The message board is always key to a hub – it’s where resources and needs would be tracked:
Not sure where your nearest hub is? Go here to find it. And remember – it’s an all-volunteer effort – here are High Point’s new hub captains, Johnny Schmidt and Robert Landis:
Karen Berge adds, “One very cool aspect of today’s drill was that we had two observers who drove down from British Columbia to watch this field exercise. They said that they learned a lot from watching us, as they are in the early stages of setting up a hub there. Conversely, during our debrief after the exercise, we learned some useful things from them.”
From Pigeon Point to High Point to Fauntleroy, three local Emergency Communication Hubs will be participating in a drill this Saturday morning, 8:30-noon – to prepare for something everyone hopes will never happen. And you can help! We’ve mentioned it a few times before, and here’s the official announcement:
Imagine there is a major power blackout covering Seattle and the metro area. There is no cellular phone service. No one knows the cause of the outage or knows when power and cell service may be restored. Emergency generators at hospitals and other essential service providers can only last as long as there is fuel. How would the region communicate?
This is the scenario behind the “Power Out, No Bars” exercise that Seattle ham radio operators and designated emergency Hub volunteers throughout the City will be testing. The Seattle Auxiliary Communications Service (ACS), a volunteer organization operating under the auspices of the Seattle Office of Emergency Management, and the Seattle Emergency Communication Hubs, a grass-roots, neighborhood network of community members, will jointly conduct the citywide communications exercise.
The drill simulates the day after an unexplained failure of grid power and cellular service, with no updates on when either would be restored. Because the Hubs are the major residential and business resources for neighborhoods, situational awareness, resource coordination, and communications between the Hubs, ACS, and the city’s Emergency Operations Center (EOC) are critical.
The key goals of the exercise are:
*Activate several neighborhood Communication Hubs and Seattle ACS, emphasizing reliable, efficient, accurate message management and documentation. Exercise participants will use voice as well as data communications via radio, throughout the city.
*Demonstrate, practice, and assess the ability to communicate up and down the various levels of the response structure, based on the Incident Command System (ICS), which spells out a hierarchical, yet flexible, means of managing emergency situations.
*Build strong working relationships among Emergency Communication Hub members and ACS members, through team problem solving and practice.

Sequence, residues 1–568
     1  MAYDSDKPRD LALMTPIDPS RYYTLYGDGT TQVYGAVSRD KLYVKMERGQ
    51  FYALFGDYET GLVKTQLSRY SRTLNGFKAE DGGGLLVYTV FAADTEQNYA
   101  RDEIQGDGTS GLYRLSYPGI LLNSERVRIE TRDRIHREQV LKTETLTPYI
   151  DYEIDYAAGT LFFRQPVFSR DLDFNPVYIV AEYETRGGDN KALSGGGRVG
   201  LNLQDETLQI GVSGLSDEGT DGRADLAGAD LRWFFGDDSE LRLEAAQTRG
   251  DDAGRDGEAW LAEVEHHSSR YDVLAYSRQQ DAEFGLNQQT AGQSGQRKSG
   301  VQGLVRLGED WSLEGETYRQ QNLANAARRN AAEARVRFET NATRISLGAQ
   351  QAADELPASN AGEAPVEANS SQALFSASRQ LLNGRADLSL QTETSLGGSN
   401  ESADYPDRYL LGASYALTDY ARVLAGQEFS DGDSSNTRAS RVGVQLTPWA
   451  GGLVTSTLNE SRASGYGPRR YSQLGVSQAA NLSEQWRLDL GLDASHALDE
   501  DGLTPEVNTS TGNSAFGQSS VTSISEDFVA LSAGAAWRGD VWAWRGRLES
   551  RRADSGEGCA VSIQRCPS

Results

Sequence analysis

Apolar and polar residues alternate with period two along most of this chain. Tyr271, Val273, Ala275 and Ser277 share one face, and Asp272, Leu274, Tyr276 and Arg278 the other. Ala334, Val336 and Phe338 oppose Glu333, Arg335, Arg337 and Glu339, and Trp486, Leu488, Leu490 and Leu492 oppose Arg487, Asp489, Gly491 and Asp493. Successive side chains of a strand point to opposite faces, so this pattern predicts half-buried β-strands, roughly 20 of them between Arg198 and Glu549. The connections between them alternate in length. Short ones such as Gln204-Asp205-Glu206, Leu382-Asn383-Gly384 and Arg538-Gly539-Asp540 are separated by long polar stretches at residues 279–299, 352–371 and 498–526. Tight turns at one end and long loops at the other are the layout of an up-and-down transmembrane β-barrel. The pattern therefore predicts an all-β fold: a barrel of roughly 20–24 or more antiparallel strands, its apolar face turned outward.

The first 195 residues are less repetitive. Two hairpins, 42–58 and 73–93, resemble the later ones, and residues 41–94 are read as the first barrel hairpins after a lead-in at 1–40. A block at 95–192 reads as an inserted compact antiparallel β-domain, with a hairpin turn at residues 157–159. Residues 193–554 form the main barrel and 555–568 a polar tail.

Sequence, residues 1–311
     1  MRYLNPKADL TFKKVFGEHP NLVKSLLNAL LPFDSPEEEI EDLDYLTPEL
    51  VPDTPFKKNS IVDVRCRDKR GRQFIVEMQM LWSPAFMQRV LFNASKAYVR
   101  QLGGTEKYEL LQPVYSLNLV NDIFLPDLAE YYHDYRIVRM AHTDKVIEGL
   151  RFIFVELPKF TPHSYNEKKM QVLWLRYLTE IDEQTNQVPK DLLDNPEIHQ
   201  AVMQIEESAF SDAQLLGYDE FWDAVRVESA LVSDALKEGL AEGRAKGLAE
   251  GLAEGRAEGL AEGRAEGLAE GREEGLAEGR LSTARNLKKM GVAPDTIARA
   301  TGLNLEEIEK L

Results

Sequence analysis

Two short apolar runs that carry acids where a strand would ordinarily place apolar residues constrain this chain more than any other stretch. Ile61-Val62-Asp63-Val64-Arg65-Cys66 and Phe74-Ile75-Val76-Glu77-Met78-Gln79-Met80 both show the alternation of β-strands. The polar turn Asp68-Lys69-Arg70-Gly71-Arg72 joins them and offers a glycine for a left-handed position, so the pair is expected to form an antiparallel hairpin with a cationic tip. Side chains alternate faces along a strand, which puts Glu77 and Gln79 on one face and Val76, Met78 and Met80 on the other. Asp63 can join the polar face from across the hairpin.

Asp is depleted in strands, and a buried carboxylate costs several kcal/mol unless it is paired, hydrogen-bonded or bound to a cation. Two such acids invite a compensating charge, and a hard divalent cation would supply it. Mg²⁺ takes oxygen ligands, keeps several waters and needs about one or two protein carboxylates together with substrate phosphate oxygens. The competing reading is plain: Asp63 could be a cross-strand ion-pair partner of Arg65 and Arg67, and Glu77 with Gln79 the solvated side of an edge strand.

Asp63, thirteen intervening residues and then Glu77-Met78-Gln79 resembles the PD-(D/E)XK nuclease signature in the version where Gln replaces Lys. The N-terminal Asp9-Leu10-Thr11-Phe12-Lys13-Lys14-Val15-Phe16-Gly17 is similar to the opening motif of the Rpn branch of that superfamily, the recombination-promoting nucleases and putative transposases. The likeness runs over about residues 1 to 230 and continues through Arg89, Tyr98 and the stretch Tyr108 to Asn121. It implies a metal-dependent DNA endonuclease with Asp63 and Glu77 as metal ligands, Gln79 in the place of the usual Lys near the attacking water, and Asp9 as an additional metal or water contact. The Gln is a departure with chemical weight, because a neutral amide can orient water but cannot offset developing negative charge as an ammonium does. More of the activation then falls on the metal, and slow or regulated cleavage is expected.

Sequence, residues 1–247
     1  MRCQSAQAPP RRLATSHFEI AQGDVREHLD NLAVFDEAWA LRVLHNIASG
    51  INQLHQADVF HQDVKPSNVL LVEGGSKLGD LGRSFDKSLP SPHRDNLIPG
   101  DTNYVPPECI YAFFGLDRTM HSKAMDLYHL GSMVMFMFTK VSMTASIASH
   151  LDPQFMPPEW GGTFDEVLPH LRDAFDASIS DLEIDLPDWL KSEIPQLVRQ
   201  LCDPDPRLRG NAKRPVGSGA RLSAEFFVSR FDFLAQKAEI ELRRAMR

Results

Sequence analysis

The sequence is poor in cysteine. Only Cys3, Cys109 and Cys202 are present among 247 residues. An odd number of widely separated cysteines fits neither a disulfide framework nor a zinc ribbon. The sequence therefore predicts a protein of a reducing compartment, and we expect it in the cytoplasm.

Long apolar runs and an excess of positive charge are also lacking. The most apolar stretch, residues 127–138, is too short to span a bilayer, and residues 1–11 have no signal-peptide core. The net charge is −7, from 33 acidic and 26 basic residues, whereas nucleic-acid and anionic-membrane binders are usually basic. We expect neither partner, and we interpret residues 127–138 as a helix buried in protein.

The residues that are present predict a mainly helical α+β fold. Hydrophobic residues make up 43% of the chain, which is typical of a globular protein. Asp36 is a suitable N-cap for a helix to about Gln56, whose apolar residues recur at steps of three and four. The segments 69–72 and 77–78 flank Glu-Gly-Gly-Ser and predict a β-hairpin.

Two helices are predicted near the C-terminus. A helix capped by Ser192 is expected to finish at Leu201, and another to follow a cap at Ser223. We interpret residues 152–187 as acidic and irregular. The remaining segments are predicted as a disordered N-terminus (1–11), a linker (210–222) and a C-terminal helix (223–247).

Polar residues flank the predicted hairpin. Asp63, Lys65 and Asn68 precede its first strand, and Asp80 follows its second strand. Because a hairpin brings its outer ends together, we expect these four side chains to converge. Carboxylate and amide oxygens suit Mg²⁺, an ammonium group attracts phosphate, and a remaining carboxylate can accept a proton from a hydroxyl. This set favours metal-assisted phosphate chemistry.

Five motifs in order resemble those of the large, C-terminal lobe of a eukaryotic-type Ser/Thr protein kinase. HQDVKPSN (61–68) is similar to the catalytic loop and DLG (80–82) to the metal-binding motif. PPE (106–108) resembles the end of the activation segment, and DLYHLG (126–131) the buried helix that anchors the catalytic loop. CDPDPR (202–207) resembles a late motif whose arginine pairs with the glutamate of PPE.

In an event such as the one this exercise portrays, the neighborhood Hubs would mobilize to assist with the immediate needs of residents, especially those who may need emergency services. The ACS would also have activated shortly after the scope of the outage was known, with sector sites around the city providing situation reports and helping coordinate emergency and logistical responses.
“In a citywide or regional event, people will need to go to neighborhood gathering places to find access to information and start matching resources and skills to what is needed” said Cindi Barker of West Seattle, one of Seattle’s Hub Captains.
“Power Out, No Bars is the latest in a series of emergency exercises that have helped our membership continually hone their skills and upgrade, deploy, and test their equipment,” said Mark Sheppard, founder and director of ACS. “This is critical to improving our ability to be more effective and be better prepared to face a real emergency or natural disaster.
Here are the West Seattle hubs participating:
*Pigeon Point Hub, 20th Ave SW & SW Genesee St
*High Point Hub at Neighborhood House, 6400 Sylvan Way SW
*Fauntleroy United Church of Christ Hub, 9140 California Ave SW
You are invited to stop by and observe, or participate, 9 am-noon Saturday. For more background info – West Seattle’s hubs are explained here; the citywide hubs here; you can find out more about Amateur Radio here.
The city-supported Ready-to-Work program has just expanded into West Seattle, and the city councilmember who pushed for it, District 1’s Lisa Herbold, visited its local classrooms on Monday. RTW is a program overseen by the city’s Office of Immigrant and Refugee Affairs, which explains that it “combines English as a Second Language classes with computer literacy instruction and case management to help immigrants gain job readiness skills and take steps toward economic self-sufficiency.”